Other facilities

At the edge of Terra Linda sits the world-famous Guide Dogs for the Blind, which predates the community. Its "students" and trainers can be seen walking Terra Linda and San Rafael streets each day.

The Mall at Northgate is the only enclosed mall in Marin County. Two anchor tenants dating from its original open-air design were The Emporium, now Macy's, and Sears. There is also a Kohl's (previously Mervyn's) and a 15-screen theater complex, which was once a single-screen theater in another part of the mall. Sears is the only original tenant; the Kohl's [former Mervyn's] is new construction since the mall's enclosure, and Macy's was the Emporium before the enclosure. The original theater was located a half-dozen storefronts north of its present location. Since 2008, the mall underwent an extensive remodeling and modernization.

Kaiser Hospital and clinic, a major facility in the Kaiser Permanente network, and one of the major full-service hospitals in the North Bay area, sits on the hill on the south side of Terra Linda.

Nearby on the opposite side of U.S. Highway 101 is the landmark Marin County Civic Center building, designed by Frank Lloyd Wright.


In 1975, Terra Linda was the site of a notorious murder case, subsequently dubbed the "Barbecue Murders" or "BBQ Murders" by the local and national press. On the afternoon of June 21, 1975, 16-year-old Marlene Olive and her 20-year-old boyfriend, Charles "Chuck" Riley, murdered Marlene's adoptive parents, James and Naomi Olive, in the Olive residence on Hibiscus Way, and then burned the bodies in a firepit at nearby China Camp State Park. The couple was arrested on June 28 after Marlene Olive gave police conflicting and confusing accounts of her missing parents' whereabouts. After being taken into custody, Riley confessed to the murders.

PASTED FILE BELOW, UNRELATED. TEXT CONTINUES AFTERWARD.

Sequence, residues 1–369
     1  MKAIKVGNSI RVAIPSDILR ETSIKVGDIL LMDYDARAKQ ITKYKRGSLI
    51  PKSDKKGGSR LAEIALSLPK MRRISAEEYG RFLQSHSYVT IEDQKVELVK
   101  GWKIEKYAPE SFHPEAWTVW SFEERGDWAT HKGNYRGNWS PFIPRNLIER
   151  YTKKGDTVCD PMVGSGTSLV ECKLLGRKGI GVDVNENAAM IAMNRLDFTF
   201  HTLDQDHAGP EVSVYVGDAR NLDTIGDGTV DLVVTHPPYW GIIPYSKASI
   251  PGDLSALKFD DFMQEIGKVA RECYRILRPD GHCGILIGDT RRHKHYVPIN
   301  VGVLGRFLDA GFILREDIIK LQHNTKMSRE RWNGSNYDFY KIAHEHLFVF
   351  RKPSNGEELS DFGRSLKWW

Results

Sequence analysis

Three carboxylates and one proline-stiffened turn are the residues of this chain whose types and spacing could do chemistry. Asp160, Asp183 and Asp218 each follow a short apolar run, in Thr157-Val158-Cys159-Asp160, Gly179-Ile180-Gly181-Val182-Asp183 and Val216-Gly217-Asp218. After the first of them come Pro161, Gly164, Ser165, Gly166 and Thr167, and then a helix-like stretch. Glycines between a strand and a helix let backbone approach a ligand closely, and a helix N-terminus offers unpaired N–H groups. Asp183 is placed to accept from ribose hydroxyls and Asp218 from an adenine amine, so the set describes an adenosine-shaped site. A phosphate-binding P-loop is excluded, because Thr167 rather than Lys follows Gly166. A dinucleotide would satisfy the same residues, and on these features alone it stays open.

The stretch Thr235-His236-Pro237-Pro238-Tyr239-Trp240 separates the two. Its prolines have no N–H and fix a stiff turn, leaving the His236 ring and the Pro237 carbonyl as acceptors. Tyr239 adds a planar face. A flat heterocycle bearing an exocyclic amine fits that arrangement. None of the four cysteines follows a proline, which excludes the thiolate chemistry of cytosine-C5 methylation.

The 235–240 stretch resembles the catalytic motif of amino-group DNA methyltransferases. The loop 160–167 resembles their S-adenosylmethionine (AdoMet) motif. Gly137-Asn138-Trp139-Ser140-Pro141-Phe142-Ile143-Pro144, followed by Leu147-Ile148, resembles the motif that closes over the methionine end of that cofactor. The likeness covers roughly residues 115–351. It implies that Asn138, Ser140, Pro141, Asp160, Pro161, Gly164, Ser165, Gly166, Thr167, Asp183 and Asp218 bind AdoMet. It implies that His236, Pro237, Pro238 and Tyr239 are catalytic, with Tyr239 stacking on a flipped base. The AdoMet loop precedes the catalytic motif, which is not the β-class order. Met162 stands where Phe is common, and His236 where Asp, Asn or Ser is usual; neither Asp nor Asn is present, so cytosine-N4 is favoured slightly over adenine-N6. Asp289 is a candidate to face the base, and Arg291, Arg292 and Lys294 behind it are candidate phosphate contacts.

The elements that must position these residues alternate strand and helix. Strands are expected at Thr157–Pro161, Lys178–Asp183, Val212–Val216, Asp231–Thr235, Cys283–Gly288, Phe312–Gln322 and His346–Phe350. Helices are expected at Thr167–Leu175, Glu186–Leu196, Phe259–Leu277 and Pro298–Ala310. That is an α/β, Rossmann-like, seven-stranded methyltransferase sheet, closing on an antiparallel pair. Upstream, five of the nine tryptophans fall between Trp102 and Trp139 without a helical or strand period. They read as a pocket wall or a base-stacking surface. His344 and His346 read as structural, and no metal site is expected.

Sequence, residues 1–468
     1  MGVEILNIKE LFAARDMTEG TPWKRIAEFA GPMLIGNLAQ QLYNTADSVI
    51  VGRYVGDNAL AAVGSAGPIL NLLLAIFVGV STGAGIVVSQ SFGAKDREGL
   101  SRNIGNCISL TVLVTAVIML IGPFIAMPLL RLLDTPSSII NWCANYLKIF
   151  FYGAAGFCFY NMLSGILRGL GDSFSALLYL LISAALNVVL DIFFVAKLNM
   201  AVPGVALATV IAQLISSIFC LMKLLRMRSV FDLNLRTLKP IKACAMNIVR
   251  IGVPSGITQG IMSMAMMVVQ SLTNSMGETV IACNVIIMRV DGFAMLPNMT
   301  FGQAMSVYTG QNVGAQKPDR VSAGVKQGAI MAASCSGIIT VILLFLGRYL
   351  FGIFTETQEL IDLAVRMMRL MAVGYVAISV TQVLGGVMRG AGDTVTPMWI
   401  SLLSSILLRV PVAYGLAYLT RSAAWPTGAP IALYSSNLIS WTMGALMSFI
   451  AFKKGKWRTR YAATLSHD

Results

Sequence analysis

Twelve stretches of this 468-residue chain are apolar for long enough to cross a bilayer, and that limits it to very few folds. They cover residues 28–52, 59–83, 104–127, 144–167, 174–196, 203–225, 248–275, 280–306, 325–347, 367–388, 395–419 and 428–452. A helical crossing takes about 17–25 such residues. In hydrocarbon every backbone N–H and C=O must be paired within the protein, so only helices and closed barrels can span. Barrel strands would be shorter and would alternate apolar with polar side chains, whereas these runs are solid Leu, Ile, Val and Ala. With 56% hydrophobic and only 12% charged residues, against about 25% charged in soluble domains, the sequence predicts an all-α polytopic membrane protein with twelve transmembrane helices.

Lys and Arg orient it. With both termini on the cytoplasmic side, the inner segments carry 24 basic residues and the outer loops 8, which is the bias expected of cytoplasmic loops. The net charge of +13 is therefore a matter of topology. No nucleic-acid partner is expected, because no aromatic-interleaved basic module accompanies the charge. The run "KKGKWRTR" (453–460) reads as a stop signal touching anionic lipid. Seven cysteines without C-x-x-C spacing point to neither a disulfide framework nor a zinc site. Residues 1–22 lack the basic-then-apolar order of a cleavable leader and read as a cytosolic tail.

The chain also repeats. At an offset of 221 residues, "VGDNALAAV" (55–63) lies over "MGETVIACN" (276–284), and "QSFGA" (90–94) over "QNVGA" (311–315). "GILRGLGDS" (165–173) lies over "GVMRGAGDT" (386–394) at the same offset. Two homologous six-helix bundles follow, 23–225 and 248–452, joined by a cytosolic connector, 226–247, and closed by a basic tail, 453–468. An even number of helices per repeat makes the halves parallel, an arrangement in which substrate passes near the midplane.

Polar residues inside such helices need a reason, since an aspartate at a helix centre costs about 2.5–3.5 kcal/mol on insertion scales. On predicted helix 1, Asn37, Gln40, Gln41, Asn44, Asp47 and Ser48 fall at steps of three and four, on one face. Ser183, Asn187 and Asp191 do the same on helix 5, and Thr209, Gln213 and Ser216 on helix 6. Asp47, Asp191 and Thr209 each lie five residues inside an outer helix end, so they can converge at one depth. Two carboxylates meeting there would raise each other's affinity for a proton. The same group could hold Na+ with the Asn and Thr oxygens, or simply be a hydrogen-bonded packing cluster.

In late 1975, after a seven-week trial, Riley, tried as an adult, was found guilty of bludgeoning Naomi Olive to death with a hammer, then shooting James Olive at close range as he arrived home and discovered the body of his mortally wounded wife. Riley was sentenced to death, which was commuted to life in prison when the death penalty was ruled unconstitutional in 1978. He was paroled from prison on December 8, 2015. Marlene Olive, after a short hearing in Marin County juvenile court, was ordered to serve approximately four years at Ventura School, the California Youth Authority's juvenile facility north of Los Angeles. The crime, ensuing trial, and aftermath are the subject of Richard M. Levine's 1982 book, Bad Blood: A Family Murder in Marin County.

Nearby parks and open space

There are parks in Terra Linda, as well as open space. Like any community in Marin, it is surrounded and encompassed by the natural and relatively undeveloped hillsides, the bay itself, and yet still near the major bay area cities.